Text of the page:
It is not known why the effect of Minoxidil varies from person to person. No one can say in advance who will benefit from Minoxidil and who will not.
If the 2% solution is ineffective after 6 months, and you don’t have any unwanted side effects (such as unwanted facial hair growth), then you may graduate to Minoxidil 5%.
Studies show that this medicine works best in younger patients who have a short history of hair loss.
Before you use Minoxidil
Before deciding to use this medicine, you should weigh the risks against the good it will do. This is a decision you should make with your doctor. For topical Minoxidil, you should consider the following:
Tell your doctor if you have ever had any unusual or allergic reaction to Minoxidil or propylene glycol (a non-active ingredient in this medicine).
Consult with your doctor if you have any allergies.
Also tell your health care professional if you are allergic to any preservatives or dyes.
Pregnancy and Minoxidil
The topical Minoxidil solution has not been studied in pregnant women. Before using this medicine, make sure your doctor knows if you are pregnant or if you plan on becoming pregnant.
Breast-feeding and Minoxidil
It is not known whether topical Minoxidil passes into breast milk. However, minoxidil in pill form does pass into breast milk. Minoxidil is not recommended during breast-feeding, because it may cause problems in nursing babies.
Children and Minoxidil
Minoxidil studies have been done only in adult patients and there is no specific information comparing use of topical Minoxidil in children with use in other age groups. The use of Minoxidil in infants and children is not recommended. If your child has hair loss, discuss it with your doctor.
Older adults and Minoxidil
Minoxidil has been tested in a limited number of older patients up to 65 years of age. Testing in older age groups has not shown to cause any different side effects or problems than it does in younger adults. Minoxidil has not been studied in patients older than 65 years of age.
Using other meds with Minoxidil
If you use any of the medicines below, your doctor may want to change the dose, or other precautions may be necessary. When using topical Minoxidil, it is especially important that your doctor know if you are taking any prescription or nonprescription (over-the-counter) medicine, especially medications for high blood pressure, diuretics (water pills), and vitamins. Use of the following products on your scalp may cause too much Minoxidil to be absorbed into the body and may increase the chance of side effects.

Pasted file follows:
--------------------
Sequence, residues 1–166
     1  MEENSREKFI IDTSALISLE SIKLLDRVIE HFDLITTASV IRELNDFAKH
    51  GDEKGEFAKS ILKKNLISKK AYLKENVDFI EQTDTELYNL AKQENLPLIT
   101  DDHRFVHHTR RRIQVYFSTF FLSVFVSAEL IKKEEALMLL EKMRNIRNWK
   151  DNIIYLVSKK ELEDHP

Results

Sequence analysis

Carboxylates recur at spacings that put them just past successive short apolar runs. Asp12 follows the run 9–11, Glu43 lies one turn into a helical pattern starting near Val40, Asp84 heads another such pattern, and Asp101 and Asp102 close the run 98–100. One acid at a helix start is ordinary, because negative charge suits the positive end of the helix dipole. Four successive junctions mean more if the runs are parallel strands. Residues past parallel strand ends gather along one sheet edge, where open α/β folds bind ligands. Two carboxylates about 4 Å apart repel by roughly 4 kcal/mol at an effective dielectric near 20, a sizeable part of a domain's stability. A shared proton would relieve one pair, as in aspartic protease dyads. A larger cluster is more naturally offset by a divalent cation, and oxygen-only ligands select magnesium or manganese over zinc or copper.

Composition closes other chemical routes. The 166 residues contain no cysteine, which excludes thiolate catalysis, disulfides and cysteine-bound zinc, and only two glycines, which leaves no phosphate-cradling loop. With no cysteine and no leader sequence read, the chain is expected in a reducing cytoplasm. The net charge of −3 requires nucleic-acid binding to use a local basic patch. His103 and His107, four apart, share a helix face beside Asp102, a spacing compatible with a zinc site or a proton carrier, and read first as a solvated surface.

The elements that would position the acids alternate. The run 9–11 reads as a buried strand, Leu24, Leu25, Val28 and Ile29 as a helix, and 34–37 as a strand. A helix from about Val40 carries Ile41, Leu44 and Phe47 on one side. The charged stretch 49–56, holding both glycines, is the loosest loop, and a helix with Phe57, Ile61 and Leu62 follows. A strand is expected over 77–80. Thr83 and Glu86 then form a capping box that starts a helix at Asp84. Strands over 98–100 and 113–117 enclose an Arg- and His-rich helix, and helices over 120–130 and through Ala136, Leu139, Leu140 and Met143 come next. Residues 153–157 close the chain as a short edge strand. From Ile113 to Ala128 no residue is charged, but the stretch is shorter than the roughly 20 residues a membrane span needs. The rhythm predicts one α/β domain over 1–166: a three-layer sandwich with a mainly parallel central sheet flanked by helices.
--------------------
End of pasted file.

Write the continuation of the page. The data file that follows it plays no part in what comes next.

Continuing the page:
- Tretinoin (Retin-A)
- Petrolatum (Vaseline)
- Corticosteroids (cortisone-like medicines)
Other Medical Problems
If you have other medical problems, the use of topical Minoxidil may affect them. Be sure to tell your doctor if you have any other medical problems, especially heart disease or high blood pressure (Hypertension) or kidney disease. The topical Minoxidil solution has not been studied in patients with these conditions, but more serious problems may develop with the use of more medicine than is recommended over a large area causing too much Minoxidil to be absorbed into the body.
Will my hair fall out if I stop taking Minoxidil?
Like other hair loss products, whatever hair grows in because of the Minoxidil will fall out if you discontinue use. This typically takes place over the 12 months following discontinuing the product.
Follow your doctor’s instructions on how to apply the solution and use the applicator if one is provided.
Make sure your hair and scalp are completely dry before applying this medicine.
Apply the amount prescribed to the area of the scalp where you want hair to grow. Begin in the center of the area and work your way out to the edges.
Do not shampoo your hair for 4 hours after applying Minoxidil.
Immediately after using Minoxidil, wash your hands to remove any excess. This will help to avoid transferring the medicine to other parts of the body.
Do not use a hairdryer to dry the scalp after you apply the Minoxidil solution. Using a hairdryer on the scalp may make the treatment less effective.